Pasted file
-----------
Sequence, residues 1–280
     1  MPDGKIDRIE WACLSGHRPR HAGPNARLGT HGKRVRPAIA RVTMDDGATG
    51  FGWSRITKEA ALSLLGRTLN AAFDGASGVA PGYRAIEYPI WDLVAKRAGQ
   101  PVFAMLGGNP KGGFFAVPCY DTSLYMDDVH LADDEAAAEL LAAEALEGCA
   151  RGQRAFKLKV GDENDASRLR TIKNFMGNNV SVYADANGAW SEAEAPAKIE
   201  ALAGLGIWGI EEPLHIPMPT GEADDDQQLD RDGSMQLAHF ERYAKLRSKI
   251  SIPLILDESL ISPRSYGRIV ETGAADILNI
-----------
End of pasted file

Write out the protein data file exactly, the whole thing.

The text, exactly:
Sequence, residues 1–280
     1  MPDGKIDRIE WACLSGHRPR HAGPNARLGT HGKRVRPAIA RVTMDDGATG
    51  FGWSRITKEA ALSLLGRTLN AAFDGASGVA PGYRAIEYPI WDLVAKRAGQ
   101  PVFAMLGGNP KGGFFAVPCY DTSLYMDDVH LADDEAAAEL LAAEALEGCA
   151  RGQRAFKLKV GDENDASRLR TIKNFMGNNV SVYADANGAW SEAEAPAKIE
   201  ALAGLGIWGI EEPLHIPMPT GEADDDQQLD RDGSMQLAHF ERYAKLRSKI
   251  SIPLILDESL ISPRSYGRIV ETGAADILNI